Private Albert John Caws; Northumberland Fusiliers, 10th (Service) Battalion; 20 September; Unknown; Tyne Cot Memorial (Tyne Cot Cemetery). Private Stanley Makins; Northumberland Fusiliers, 1/7th Battalion Territorial Force; 20 September; 27; Arras Memorial (Faubourg d’Amiens Cemetery).

Private Ambrose Townsley; Northumberland Fusiliers, 10th (Service) Battalion; 20 September; Unknown; Tyne Cot Memorial (Tyne Cot Cemetery).

Private Peter White; Northumberland Fusiliers, 10th (Service) Battalion; 20 September; Unknown; Tyne Cot Memorial (Tyne Cot Cemetery).

Able Seaman David Taggart Henderson; Royal Navy Volunteer Reserve, Royal Naval Division, Hood Battalion; 21 September; Unknown; Point-du-Jour Military Cemetery, Athies-les-Arras.

Private James Sanderson; Durham Light Infantry, 12th (Service) Battalion; 21 September; Unknown; Tyne Cot Memorial (Tyne Cot Cemetery).

Corporal Ernest Smetham; Northumberland Fusiliers, 11th (Service) Battalion; 21 September; 23; Lijssenthoek Military Cemetery.

Petty Officer Thomas Edgell, DCM; Royal Navy Volunteer Reserve, Royal Naval Division, Hood Battalion; 24 September; 37; Douai British Cemetery, Cuincy.

Private William Straughan; Labour Corps, 46th Company; 25 September; Unknown; Tyne Cot Memorial (Tyne Cot Cemetery).

Private Arthur Cockburn; Australian Light Infantry, 56th Battalion; 26 September; Unknown; Ieper (Menin Gate) Memorial.

Lance Corporal Richard Keay Hutchinson; Northumberland Fusiliers, 1st Battalion; 26 September; 26; Tyne Cot Memorial (Tyne Cot Cemetery).

Sergeant Michael Mallon; Machine Gun Corps, 207th Company; 26 September; 30; Tyne Cot Memorial (Tyne Cot Cemetery).

Private Joseph O’Brien; East Yorkshire Regiment, 8th (Service) Battalion; 26 September; Unknown; Tyne Cot Memorial (Tyne Cot Cemetery).

Private James O’Hare; Northumberland Fusiliers, 1st Battalion; 27 September; Unknown; Hermies Hill British Cemetery.

Lance Corporal George Foggin; Australian Infantry Force, 16th Battalion; 28 September; 32; Ieper (Menin Gate) Memorial.

Private Frank Gibson; Northumberland Fusiliers, 14th (Service) Battalion (Pioneers); 28 September; 22; The Huts Cemetery.

Private Isaac Frazer; Cheshire Regiment, 9th (Service) Battalion; 2 October; Unknown; Outtersteene Communal Cemetery Extension, Bailleul.

Private Robert Mack; Northumberland Fusiliers, 17th (Service) Battalion (NER Pioneers); 2 October; 24; West Vlaanderen Cemetery. Corporal William Herbert Malcolm Elliott; Wellington Regiment, New Zealand Expeditionary Force, 3rd Battalion; 3 October; 30; Brandhoek New Military Cemetery No. 3.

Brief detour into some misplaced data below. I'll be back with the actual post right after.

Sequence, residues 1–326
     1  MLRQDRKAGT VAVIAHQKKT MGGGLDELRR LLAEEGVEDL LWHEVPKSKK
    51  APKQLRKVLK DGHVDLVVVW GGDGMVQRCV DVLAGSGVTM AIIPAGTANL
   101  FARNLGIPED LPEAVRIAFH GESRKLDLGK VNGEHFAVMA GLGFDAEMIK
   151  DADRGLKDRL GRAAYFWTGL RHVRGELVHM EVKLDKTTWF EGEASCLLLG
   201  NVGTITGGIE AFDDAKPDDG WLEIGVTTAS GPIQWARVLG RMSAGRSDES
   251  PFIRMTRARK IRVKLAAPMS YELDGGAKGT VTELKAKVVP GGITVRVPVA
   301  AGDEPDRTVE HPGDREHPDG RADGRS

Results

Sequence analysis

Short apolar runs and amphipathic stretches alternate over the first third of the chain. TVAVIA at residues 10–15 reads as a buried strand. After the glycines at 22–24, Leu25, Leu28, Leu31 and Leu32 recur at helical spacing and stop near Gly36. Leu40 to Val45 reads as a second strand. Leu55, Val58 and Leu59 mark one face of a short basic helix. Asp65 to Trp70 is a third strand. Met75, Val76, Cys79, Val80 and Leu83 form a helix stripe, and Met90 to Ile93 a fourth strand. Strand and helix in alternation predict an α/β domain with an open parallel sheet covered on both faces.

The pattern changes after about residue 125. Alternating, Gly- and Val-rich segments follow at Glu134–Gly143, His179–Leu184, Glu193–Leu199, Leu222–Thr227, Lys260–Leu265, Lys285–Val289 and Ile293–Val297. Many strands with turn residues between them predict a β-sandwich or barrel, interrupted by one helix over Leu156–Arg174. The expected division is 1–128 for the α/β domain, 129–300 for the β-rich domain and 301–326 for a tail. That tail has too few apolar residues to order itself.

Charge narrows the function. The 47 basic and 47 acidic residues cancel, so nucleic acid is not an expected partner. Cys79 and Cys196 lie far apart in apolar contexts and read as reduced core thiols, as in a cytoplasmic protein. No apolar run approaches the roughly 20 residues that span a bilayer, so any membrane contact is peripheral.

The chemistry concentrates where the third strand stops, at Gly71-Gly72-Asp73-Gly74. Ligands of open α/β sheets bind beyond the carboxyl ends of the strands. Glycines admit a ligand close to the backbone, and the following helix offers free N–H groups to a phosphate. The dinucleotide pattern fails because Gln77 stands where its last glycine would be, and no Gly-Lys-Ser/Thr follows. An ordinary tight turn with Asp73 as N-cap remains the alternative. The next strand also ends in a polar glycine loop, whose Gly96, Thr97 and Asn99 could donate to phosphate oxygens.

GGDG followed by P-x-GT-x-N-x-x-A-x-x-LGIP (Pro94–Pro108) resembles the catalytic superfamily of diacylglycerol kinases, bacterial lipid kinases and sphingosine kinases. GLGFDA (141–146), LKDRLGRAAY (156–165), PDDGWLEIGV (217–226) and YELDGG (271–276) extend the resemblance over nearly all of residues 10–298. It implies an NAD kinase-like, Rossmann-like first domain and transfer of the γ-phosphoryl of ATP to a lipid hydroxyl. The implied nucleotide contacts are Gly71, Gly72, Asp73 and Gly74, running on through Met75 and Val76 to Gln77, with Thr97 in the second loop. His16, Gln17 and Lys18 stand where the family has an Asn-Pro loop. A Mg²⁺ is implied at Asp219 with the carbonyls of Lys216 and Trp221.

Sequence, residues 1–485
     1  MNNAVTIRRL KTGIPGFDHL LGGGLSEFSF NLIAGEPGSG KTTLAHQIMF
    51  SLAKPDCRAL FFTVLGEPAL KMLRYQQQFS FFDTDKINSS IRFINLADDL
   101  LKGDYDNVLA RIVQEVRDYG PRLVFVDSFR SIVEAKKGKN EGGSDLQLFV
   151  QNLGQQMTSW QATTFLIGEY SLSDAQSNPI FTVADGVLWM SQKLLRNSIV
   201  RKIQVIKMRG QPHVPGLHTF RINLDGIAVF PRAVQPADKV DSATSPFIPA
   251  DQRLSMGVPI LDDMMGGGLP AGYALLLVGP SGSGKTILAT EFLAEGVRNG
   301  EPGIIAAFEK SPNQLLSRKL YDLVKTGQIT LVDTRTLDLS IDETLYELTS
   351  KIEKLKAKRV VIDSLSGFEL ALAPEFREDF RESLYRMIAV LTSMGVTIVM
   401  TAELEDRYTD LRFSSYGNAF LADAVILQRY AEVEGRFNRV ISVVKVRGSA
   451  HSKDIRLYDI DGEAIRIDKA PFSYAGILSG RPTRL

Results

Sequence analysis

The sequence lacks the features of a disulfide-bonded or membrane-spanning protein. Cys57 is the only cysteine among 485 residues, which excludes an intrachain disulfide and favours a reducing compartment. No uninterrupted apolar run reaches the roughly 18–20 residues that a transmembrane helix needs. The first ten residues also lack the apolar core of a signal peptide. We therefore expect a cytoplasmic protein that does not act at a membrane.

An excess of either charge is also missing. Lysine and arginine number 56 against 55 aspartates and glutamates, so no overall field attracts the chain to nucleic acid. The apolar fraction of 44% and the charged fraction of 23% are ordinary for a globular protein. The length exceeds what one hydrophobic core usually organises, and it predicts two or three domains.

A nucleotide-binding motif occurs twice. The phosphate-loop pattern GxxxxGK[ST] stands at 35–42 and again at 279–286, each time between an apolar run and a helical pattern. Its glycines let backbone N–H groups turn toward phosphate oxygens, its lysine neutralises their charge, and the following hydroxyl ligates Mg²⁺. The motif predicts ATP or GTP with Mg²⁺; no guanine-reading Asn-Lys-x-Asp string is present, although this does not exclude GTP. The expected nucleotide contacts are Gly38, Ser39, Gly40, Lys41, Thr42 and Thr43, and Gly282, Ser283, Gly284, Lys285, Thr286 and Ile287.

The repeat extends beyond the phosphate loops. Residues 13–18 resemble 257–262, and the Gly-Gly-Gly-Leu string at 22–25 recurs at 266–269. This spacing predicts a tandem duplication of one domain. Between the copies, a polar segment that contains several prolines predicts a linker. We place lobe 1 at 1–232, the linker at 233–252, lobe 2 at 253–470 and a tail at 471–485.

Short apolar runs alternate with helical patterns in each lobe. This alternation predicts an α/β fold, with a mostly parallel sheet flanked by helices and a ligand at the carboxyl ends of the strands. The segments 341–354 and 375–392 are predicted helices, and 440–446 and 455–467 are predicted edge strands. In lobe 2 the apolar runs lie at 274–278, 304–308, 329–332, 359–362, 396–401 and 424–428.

Sapper Alec Munro; Royal Engineers, 469th Field Company; 3 October; 19; Mendinghem Military Cemetery.

Private Thomas Cowans; East Yorkshire Regiment, 1st Battalion; 4 October; 25; Oosttaverne Wood Cemetery.

Private William Curry; Alexandra, Princess of Wales’ Own (Yorkshire Regiment), 10th (Service) Battalion; 4 October; 33; Tyne Cot Memorial (Tyne Cot Cemetery).

Rifleman Charles William Dixon-Johnson; Prince of Wales’ Own (West Yorkshire Regiment), 1/7th Battalion (Leeds Rifles) Territorial Force; 4 October; 42; Tyne Cot Memorial (Tyne Cot Cemetery).

Sergeant Frank Howe; King’s Own Scottish Borderers, 2nd Battalion; 4 October; 22; Tyne Cot Memorial (Tyne Cot Cemetery).

Private James Lee; East Yorkshire Regiment, 1st Battalion, B Company; 4 October; 20; Hooge Crater Cemetery.

Private James William Lorimer; Northumberland Fusiliers, 12th (Service) Battalion; 4 October; Unknown; Tyne Cot Memorial (Tyne Cot Cemetery).

Private Herbert (Bertie) Gowans Rutherford; East Yorkshire Regiment, 1st Battalion; 4 October; 19; Oosttaverne Wood Cemetery.

Private John Storey; Alexandra, Princess of Wales’ Own (Yorkshire Regiment), 10th (Service) Battalion; 4 October; 32; Tyne Cot Cemetery.

Private James Dickson Wallace; Alexandra, Princess of Wales’ Own (Yorkshire Regiment), 10th (Service) Battalion; 4 October; 29; Tyne Cot Memorial (Tyne Cot Cemetery).

The Polygon Wood battlefield.